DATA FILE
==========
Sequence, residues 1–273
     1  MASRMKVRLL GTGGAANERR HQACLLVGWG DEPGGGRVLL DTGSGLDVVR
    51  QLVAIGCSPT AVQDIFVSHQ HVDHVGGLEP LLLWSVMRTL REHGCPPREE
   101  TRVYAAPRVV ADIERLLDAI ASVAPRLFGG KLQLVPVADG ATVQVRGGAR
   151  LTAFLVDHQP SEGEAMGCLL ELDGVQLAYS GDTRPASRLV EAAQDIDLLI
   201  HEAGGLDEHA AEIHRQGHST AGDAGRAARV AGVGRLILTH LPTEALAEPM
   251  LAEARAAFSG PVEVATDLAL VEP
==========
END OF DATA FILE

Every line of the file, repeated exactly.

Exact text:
Sequence, residues 1–273
     1  MASRMKVRLL GTGGAANERR HQACLLVGWG DEPGGGRVLL DTGSGLDVVR
    51  QLVAIGCSPT AVQDIFVSHQ HVDHVGGLEP LLLWSVMRTL REHGCPPREE
   101  TRVYAAPRVV ADIERLLDAI ASVAPRLFGG KLQLVPVADG ATVQVRGGAR
   151  LTAFLVDHQP SEGEAMGCLL ELDGVQLAYS GDTRPASRLV EAAQDIDLLI
   201  HEAGGLDEHA AEIHRQGHST AGDAGRAARV AGVGRLILTH LPTEALAEPM
   251  LAEARAAFSG PVEVATDLAL VEP